Matthew McConaughey to Star in True Story of the World’s Most Expensive Wine, ‘Billionaire’s Vinegar’
Posted on Friday, March 27th, 2015 by Germain Lussier
Even the most trivial trinket becomes priceless depending on who owned it. A baseball alone is worth nothing, but if it meets the bat of a specific player at exactly the right moment, in exactly the right place, it can be worth millions. A piece of paper is worthless until the right person puts the right mark on it. A bottle of wine from hundreds of years ago is vinegar, unless you can prove it was owned by someone legendary.
That last scenario is the premise of Billionaire’s Vinegar, a new film set up at Sony Pictures that just gained Oscar-winner Matthew McConaughey as the star. It’s about the purchase, and then lawsuit, surrounding a bottle of wine sold at auction that was supposedly owned by Thomas Jefferson. Read the synopsis and more below.
Deadline broke the news of McConaughey joining Billionaire’s Vinegar, a project that has been in development for sometime. Michael Brandt and Derek Haas, the writers of 2 Fast 2 Furious, 3:10 to Yuma and Wanted. They also created Chicago Fire on NBC.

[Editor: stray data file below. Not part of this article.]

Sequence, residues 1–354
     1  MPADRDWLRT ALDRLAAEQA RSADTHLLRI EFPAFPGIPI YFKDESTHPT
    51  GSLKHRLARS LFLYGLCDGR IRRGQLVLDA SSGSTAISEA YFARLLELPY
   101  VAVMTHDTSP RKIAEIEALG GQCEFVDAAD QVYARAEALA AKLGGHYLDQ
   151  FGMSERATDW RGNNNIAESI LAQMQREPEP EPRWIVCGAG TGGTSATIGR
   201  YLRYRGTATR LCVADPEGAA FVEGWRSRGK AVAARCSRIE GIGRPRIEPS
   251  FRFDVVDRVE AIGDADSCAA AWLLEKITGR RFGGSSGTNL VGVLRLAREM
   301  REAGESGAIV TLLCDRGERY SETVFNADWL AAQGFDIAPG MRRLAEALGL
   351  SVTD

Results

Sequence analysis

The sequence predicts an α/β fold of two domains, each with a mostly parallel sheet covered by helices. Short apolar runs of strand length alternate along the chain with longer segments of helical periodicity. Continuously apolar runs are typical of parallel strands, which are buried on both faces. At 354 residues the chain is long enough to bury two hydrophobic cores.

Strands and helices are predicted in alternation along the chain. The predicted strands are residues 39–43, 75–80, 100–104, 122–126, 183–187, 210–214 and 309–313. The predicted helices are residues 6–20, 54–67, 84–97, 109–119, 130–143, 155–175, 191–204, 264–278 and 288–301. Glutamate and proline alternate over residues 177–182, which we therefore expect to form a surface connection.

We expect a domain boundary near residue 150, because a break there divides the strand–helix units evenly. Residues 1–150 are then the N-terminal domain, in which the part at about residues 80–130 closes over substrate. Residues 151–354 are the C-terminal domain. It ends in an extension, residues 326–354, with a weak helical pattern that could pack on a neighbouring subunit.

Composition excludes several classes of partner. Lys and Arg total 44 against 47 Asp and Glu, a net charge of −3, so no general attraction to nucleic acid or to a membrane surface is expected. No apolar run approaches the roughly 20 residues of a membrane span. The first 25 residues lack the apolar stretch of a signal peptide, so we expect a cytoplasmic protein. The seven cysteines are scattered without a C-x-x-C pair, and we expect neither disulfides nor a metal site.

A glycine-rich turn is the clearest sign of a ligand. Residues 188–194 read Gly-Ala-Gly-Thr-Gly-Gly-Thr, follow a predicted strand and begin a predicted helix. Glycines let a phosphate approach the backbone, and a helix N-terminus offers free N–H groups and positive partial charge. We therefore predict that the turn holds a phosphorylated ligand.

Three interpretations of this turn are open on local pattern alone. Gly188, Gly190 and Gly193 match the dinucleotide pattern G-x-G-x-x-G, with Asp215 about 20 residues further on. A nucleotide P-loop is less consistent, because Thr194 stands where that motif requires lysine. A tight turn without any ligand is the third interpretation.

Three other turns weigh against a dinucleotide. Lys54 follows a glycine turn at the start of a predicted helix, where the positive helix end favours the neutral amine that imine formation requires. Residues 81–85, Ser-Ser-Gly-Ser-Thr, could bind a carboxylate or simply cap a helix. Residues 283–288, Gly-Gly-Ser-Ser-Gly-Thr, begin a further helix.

Here’s a more detailed description of the original book via Amazon:
The titular bottle, from a cache of allegedly fine, allegedly French wine, allegedly owned by Thomas Jefferson in the 1780s, set a record price when auctioned in 1985. The subsequent brouhaha over the cache’s authenticity takes wine journalist Wallace on a piquant journey into the mirage-like world of rare wines. At its center are Hardy Rodenstock, an enigmatic German collector with a suspicious knack for unearthing implausibly old and drinkable wines, and Michael Broadbent, a Christie’s wine expert, who auctioned Rodenstock’s lucrative finds. The argument over the Jefferson bottles and other rarities aged for decades, flummoxed a wine establishment desperate to keep the cork in a controversy that might deflate the market for antique vintages. (In the author’s telling, a 2006 lawsuit almost settles the issue.) Wallace sips the story slowly, taking leisurely digressions into techniques for faking wine and detecting same with everything from Monticello scholarship to nuclear physics. He paints a colorful backdrop of eccentric oenophiles, decadent tastings and overripe flavor rhetoric (Broadbent describes one wine as redolent of chocolate and schoolgirls’ uniforms). Investigating wines so old and rare they could taste like anything, he playfully questions the very foundations of connoisseurship.
Sounds like a really great idea and, of course, McConaughey is great at everything. Have you read the Billionaire’s Vinegar?Cool Posts From Around the Web: